Magazine article USA TODAY

A Well-Placed Family

Magazine article USA TODAY

A Well-Placed Family

Article excerpt

RICHARD AVEDON was born to a Jewish family--his father was a Russian-born immigrant and his mother from New York--in 1923. Working until his death in 2004, he shaped America's image of beauty, celebrity, and politics for more than a half-century. Famous at an early age, he was well-known for challenging conventions and exploring the boundaries between high art and social commentary.

The exhibition "Richard Avedon: Family Affairs" features two monumental projects, both illustrating his highly innovative approach to portrait photography. The first is a set of four group portraits, including a massive mural of the iconic beat poet Allen Ginsberg and his family, and three additional portraits shown at a smaller scale: Andy Warhol and members of the Factory, The Chicago Seven, and The Mission Council.

The second is a series of 69 portraits entitled "The Family" that Avedon created after being commissioned by Rolling Stone to cover the 1976 presidential election. Foregoing traditional photojournalism for the assignment, Avedon used his Deardorff 8" x 10" camera to create arresting black-and-white portraits of each of his subjects, creating a visual essay on the nature of U.S. politics at the moment when it was most conspicuous. Though his "family members" have no biological ties (with the exception of Ted and Rose Fitzgerald Kennedy), they are alike in that they all hold positions of power and influence. "The Family" includes the 1976 presidential candidates (Democrat Jimmy Carter and Republican Gerald Ford); A.M. Rosenthal, managing editor of the New York Times, famous for publishing "The Pentagon Papers"; and W. Mark Felt, later revealed to be "Deep Throat."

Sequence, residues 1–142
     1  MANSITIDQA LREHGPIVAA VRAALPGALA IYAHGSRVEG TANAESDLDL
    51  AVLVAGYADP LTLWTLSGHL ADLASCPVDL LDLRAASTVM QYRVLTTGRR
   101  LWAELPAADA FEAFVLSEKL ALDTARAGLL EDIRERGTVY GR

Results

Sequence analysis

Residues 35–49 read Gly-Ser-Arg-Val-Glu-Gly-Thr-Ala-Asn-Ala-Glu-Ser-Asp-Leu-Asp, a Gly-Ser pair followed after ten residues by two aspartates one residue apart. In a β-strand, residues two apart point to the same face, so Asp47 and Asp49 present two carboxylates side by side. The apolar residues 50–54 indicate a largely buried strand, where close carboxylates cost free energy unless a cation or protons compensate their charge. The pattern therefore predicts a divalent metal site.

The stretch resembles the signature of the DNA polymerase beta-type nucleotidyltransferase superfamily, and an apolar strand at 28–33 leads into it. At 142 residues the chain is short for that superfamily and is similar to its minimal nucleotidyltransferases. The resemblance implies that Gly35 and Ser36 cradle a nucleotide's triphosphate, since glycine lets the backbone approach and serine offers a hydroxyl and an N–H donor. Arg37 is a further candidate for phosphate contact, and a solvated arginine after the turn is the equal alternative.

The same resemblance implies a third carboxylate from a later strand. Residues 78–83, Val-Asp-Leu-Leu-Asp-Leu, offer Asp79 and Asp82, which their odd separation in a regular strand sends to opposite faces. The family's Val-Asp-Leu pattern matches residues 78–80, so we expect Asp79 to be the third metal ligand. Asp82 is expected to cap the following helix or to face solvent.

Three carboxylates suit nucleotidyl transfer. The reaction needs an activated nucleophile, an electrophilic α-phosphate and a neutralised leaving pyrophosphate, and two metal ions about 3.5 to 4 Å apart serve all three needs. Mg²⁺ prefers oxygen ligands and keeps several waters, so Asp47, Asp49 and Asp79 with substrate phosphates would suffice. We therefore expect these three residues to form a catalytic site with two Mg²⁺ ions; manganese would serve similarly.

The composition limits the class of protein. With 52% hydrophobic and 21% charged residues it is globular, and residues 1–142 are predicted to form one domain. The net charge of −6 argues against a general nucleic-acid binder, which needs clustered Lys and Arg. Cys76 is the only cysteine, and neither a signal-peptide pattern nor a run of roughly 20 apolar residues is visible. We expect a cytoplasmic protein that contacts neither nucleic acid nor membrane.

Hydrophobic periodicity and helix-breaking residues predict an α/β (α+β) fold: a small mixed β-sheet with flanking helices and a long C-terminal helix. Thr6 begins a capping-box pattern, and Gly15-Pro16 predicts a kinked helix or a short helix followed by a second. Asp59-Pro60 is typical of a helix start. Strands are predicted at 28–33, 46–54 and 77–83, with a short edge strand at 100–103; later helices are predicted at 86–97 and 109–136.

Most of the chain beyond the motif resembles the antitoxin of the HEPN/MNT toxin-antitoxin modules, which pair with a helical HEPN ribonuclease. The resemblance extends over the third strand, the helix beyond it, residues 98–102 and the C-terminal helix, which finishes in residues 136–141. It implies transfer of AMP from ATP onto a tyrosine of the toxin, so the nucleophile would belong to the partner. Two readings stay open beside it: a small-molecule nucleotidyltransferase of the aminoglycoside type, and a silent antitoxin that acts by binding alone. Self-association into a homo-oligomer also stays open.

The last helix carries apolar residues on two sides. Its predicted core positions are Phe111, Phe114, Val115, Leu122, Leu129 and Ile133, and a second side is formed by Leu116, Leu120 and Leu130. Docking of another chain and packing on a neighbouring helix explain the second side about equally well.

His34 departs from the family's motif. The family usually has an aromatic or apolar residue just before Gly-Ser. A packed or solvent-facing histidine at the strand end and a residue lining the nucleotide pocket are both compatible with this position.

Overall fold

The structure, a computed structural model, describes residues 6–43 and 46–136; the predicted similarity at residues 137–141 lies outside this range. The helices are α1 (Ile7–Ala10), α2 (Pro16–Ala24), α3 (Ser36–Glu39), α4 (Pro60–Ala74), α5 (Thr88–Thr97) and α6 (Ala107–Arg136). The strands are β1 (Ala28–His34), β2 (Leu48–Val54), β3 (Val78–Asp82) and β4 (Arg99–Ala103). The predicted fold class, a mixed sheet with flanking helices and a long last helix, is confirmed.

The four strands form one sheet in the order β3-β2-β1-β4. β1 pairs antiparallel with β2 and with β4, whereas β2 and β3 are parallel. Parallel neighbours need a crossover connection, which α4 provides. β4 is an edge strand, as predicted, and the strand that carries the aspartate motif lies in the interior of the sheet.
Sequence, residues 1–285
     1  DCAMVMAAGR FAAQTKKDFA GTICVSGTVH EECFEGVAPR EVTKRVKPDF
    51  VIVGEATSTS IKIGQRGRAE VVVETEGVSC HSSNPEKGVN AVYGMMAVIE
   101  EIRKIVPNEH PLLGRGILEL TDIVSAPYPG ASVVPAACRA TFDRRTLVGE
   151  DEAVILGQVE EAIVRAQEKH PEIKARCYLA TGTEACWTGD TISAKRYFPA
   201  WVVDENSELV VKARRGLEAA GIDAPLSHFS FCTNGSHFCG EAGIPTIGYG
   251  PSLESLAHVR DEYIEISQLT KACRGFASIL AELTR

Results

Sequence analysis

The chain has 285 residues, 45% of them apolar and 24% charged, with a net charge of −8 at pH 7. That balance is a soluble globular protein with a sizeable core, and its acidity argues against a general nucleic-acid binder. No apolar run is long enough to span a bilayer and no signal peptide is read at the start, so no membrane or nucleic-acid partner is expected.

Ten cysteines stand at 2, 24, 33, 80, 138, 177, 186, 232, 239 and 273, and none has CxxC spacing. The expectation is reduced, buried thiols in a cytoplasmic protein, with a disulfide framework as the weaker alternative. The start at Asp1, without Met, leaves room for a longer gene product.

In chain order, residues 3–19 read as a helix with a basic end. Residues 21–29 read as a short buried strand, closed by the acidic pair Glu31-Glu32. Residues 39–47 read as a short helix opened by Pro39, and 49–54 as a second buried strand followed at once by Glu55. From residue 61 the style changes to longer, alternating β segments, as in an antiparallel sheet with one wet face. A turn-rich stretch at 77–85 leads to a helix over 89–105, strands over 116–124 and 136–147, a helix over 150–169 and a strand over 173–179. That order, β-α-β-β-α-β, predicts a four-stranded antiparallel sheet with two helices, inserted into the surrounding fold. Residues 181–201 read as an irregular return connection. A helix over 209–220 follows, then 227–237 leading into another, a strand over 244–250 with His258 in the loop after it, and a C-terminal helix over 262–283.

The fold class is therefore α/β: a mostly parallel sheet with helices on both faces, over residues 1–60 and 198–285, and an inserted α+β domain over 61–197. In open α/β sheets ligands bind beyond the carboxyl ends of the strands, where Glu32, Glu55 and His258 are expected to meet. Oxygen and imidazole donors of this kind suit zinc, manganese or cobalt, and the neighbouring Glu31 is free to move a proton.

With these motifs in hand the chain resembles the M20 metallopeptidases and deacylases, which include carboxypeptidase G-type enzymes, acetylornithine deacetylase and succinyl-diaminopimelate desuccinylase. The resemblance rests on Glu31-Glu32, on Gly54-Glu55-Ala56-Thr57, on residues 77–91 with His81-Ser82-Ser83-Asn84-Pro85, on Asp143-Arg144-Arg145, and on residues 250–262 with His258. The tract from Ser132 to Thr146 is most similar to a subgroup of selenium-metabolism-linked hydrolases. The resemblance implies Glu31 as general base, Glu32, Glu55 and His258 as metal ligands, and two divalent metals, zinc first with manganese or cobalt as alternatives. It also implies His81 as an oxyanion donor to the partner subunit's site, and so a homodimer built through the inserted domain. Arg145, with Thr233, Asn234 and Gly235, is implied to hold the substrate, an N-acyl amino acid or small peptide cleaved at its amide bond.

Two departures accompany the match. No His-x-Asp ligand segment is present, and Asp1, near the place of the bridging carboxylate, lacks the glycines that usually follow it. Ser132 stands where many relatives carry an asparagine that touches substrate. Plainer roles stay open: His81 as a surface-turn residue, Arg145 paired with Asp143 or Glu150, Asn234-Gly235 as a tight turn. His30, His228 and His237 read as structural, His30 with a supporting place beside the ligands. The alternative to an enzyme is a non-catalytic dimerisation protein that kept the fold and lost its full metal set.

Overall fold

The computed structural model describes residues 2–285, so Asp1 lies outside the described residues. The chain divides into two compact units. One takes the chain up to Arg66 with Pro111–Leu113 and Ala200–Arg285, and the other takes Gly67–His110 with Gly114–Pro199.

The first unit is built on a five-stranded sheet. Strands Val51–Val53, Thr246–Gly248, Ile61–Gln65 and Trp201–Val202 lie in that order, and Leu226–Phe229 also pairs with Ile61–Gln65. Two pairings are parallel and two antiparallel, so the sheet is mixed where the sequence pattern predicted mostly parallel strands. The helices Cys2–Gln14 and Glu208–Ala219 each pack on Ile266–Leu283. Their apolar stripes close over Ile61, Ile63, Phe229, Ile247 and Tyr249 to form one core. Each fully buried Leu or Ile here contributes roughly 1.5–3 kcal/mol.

Avedon's subjects also included others at the epicenter of the events and movements of the time (and some who still are today)--including governors, senators, members of Congress, and a wide swath of varied government officials (Bella Abzug, Jerry Brown, George H.W. Bush, Barbara Jordan, Edward Kennedy, Henry Kissinger, Daniel Patrick Moynihan, and Donald Rumsfeld, among others); media moguls and journalists (Katharine Graham, I.F. Stone); labor leaders/activists (Cesar Chavez, Ralph Nader, A. Philip Randolph), philanthropists (Walter Annenberg), and many more.

"'Family Affairs' documents a time of extraordinary political and social change in American history by one of the most significant photographers working in the second half of the 20th century," says Josh Perelman, chief curator and director of exhibitions and collections at the National Museum of American Jewish History. …

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